After a famous female Oan singer, Sana Nialoa released a cover of the title song of the street play he was acting in, his status was elevated dramatically. The play he was acting received new interest until it qualified to be part of the La Rochelle, Firelight circuit. When Ziza excitedly made the announcement to the cast, they were overjoyed. The play was scheduled to have an open run in the Solowasai Theatre. The cast had to work harder than ever before the debut.

Tenai was taking some strain. After a long rehearsal, he took a walk with fellow actors. They had fun through in the streets of La Rochelle. It was clear, however, that they were all scared and fatigued. One of the actors Tito decided to expose them to something that was hotly debated in broader society: marijuana.

It was illegal to sell or distribute marijuana, but simply smoking it got you a slap on the wrist. The actors were a little scared to take part in Tito’s shocking habit He rolled some marijuana and they passed it around. Each took a single drag. They coughed from the unusual and harsh smoke. They all laughed about it. When the roll reached Tenai he was more apprehensive. His friends encouraged him, chanting his name. He eventually conceded. His lungs burnt and he coughed terribly But he liked it.

He started asking Tito for more of it. Tito was glad to share his secret indulgence. He started to yearn for the sense of invincibility and euphoria that the marijuana gave him. He started to care less about his performance and his craft. He was enjoying a drag behind the Solowasai threatre, when Tito came to see him. Tito was surprised by how much marijuana he was consuming and how muxh he had grown attached to it. Tito tried to talk him out of it, to get over the high. Tenai didn’t want to and he fought with him. Tito threatened to tell Ziza. Tito went to the theatre’s dressing room. Tenai followed him and tried to stop Tito, but he was too late. Ziza tried to balance both stories, but it was clear that Tenai was guilty. Tenai was removed from the Firelight production.

Ziza demoted him to the street theatre plays. Tenai wanted to quit theatre and go back home. He decided to actually watch the firelight play before going back to Serenity City. He felt strange being a member of the the audience instead of being a performer commanding their focus. He heard the music and understood the story differently. He saw himself in the main protagonist, a young man living in the underbelly of the mighty Oan city of the Port of The Rock. He started to comprehend the gravity of of what he had become addicted to. He decided to stay, to rebuild his credibility and trust. He sang along to the song that made the play famous:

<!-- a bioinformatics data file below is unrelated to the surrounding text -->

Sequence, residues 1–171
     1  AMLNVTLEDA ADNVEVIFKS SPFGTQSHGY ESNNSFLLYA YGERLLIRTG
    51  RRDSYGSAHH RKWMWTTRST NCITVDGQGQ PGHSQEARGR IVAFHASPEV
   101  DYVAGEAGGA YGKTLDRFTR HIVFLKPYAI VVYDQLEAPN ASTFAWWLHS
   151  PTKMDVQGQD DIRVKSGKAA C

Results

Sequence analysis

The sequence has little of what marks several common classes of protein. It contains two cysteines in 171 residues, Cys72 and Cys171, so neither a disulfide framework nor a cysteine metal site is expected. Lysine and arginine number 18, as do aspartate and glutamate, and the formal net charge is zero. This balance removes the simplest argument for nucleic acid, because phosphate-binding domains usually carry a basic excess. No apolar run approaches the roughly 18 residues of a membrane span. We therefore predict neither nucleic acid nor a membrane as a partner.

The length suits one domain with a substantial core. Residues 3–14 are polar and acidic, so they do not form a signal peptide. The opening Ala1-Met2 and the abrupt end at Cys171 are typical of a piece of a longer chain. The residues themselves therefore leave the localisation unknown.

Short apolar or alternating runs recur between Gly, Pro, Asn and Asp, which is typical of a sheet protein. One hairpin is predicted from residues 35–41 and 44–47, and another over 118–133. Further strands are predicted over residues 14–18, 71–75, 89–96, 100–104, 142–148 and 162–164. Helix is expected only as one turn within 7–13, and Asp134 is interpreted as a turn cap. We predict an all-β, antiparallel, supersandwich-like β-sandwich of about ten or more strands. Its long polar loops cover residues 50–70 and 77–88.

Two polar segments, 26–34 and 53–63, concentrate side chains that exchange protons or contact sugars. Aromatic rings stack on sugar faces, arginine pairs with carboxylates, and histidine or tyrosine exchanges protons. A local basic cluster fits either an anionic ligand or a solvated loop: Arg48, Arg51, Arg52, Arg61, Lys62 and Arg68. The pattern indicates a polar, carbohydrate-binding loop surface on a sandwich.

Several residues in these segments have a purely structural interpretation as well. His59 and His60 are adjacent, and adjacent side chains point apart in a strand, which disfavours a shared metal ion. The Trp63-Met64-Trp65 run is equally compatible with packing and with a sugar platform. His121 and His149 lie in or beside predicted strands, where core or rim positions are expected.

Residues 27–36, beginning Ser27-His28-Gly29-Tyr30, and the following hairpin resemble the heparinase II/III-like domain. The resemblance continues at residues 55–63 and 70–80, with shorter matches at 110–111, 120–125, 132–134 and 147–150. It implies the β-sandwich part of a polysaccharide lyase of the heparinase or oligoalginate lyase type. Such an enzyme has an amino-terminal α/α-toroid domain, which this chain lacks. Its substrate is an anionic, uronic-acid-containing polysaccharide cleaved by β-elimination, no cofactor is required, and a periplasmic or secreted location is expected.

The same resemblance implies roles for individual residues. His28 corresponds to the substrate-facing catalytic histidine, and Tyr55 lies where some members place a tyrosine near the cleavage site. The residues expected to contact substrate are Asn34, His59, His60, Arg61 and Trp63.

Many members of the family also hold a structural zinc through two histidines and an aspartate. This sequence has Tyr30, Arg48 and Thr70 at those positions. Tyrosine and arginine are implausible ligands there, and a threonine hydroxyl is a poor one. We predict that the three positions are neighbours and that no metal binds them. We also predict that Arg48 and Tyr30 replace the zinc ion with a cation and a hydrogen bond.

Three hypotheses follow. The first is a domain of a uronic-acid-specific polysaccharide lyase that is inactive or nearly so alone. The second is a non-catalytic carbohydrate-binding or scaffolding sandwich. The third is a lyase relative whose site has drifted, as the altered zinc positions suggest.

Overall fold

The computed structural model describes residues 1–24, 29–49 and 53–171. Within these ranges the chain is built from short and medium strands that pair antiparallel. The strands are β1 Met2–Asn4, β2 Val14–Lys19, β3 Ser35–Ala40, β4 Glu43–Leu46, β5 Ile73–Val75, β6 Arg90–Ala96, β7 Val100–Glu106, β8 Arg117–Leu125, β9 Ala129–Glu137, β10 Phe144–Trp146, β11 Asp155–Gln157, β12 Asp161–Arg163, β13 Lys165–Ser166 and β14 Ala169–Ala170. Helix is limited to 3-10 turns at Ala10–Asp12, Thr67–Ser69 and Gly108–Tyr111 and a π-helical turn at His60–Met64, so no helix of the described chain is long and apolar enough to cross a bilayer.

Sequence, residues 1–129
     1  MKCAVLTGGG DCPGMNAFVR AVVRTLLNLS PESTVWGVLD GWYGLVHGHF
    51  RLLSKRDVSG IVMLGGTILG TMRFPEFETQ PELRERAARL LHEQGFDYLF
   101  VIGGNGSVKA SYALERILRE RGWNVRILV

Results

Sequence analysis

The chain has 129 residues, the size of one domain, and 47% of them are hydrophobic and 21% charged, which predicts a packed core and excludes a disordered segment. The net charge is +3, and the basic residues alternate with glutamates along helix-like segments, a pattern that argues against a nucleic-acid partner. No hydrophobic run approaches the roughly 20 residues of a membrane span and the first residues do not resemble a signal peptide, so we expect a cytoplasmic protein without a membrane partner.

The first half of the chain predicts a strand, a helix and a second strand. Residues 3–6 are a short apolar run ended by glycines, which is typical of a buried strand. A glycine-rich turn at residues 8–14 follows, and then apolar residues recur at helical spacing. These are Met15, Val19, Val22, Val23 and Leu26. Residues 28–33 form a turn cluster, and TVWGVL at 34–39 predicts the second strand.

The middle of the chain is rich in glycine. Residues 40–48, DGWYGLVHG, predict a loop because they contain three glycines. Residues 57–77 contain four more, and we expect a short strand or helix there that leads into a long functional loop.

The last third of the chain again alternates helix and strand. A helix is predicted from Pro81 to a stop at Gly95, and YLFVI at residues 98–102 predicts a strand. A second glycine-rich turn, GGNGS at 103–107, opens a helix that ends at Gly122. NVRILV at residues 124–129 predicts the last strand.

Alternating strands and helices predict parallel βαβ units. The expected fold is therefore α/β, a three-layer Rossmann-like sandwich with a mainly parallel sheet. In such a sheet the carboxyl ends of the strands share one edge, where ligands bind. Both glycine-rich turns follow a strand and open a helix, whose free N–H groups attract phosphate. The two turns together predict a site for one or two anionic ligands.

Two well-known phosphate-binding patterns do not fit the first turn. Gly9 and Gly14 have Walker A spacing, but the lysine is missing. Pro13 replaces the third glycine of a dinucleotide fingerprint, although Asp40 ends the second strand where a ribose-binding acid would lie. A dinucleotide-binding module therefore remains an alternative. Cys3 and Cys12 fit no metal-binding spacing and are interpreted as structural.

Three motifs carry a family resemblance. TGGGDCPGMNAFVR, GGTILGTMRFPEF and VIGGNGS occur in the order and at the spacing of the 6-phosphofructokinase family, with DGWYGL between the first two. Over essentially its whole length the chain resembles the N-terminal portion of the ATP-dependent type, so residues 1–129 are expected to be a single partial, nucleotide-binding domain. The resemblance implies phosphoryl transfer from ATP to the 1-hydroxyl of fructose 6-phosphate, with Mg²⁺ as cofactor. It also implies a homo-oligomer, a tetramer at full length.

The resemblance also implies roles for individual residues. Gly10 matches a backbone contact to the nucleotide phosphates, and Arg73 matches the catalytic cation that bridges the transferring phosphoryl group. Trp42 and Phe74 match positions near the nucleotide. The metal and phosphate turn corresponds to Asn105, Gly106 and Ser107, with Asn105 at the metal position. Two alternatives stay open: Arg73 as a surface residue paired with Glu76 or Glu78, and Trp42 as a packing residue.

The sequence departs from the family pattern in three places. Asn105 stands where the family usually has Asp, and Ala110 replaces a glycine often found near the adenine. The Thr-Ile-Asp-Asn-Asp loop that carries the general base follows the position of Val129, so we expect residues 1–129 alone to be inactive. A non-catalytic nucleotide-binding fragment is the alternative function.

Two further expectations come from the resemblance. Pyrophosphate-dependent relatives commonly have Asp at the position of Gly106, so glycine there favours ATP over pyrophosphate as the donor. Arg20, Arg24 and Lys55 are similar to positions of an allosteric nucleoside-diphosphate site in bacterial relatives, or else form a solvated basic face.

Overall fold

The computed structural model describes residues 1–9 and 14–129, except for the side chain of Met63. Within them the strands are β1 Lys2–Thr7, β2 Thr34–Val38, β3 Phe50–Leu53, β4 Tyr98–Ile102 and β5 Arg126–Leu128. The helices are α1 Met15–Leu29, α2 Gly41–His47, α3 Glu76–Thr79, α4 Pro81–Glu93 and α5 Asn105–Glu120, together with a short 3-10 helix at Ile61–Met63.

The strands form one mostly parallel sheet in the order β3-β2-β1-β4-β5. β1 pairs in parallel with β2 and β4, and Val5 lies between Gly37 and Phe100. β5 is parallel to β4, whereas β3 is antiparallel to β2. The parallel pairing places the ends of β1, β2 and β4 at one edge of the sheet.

"God paints the wine and weaves the web.
"Man taints the vine and cuts the thread.
"I play my games and see the city
"For I want the same and feel the pity
“I just sing in the city”.


Tito felt like garbage. He snitched on his friend while he was privy to the same habit. He knew that Tenai would not snitch on him back. Tito did not really care much about his own future even though he had a talent of his own. He believed in Tenai’s dreams and would probably fight more viciously for them than Tenai would. He was being a hypocrit. I guess that’s why Jesus said, “Don’t tell your brother to take the sawdust out of his eye before you have taken the plank out of yours”, he thought to himself. He was being a hypocrit. He wanted to mend his friendship with Tenai.

He tried to call him, but he would not answer. After one of his performances at the Solowasai Theatre, he heard from a member of the crew that they had seen Tenai in the audience, visibly enjoying himself. Tito became self concious. He started having doubts about whether or not he hit the notes or landed the steps; that sort of thing. Tito rushed outside to try and found him. He covered himself with an old lace curtain. In Oan theatre, the audience was NEVER supposed to see you in costume partly or completely when the show was over. He managed to find Tenai walking down the steps. He called out to Tenai. Tenai kept walking. He ran to him and grabbed him by the shoulders and turned him around. Tenai looked at his friend and giggled.

Tenai said, " You look like garbage".

Tito replied, “I feel like garbage. Look Tenai, I’m sorry for what I did. I didn’t want you to do this thing that I do. I don’t do it for fun. I do it to…”

Tenai replied, “Ease your mind? That’s exactly why you gave it to us and that’s exactly why I continued. I appreciate the fact that you’re looking out for me. What I hate is how you judge me, and toss my business in front of people, and nearly ruin my career, but you don’t even have the decency to get off that stage”.

Tito looked at him. He knew that this was true and he felt awful for it, but when he heard the acid in Tenai’s voice, he grasped a full and shocking understanding of the gravity of what he had done. He tried to apologise and “explain” (as we often do when we are in the shit).

Tenai simply said to him, “Why didn’t you tell me you were smoking weed? You passing a roll for us to smoke wasn’t the ideal way for me to find out don’t you think?”, Tito tried to reply, but Tenai stopped him, “Don’t talk to me unless it’s to tell me you left the play”.

Tito felt so miserable that he could not stop him or speak after that. There was a lot that he did not share with Tenai. Their relationship was unbalanced. Tenai depended on Tito, and Tito enjoyed that. But when Tito needed help, he put on a brave face and bottled it all in. In the Oan Isles people were generally taught not to take their problem out in public (which would probably explain why psychologists struggled to find work). Tenai was supposed to be his friend though, his refuge, the one person with whom he could share his burden. Tito walked straight into the dressing room and told Ziza that he did not want to continue acting in the play – that he quit. Ziza was not really surprised. He knew that there was more to Tenai’s situation than met the eye. Ziza graciously accepted his resignation and recommended him to a street play on Tukananoanana Street. Tito accepted the offer.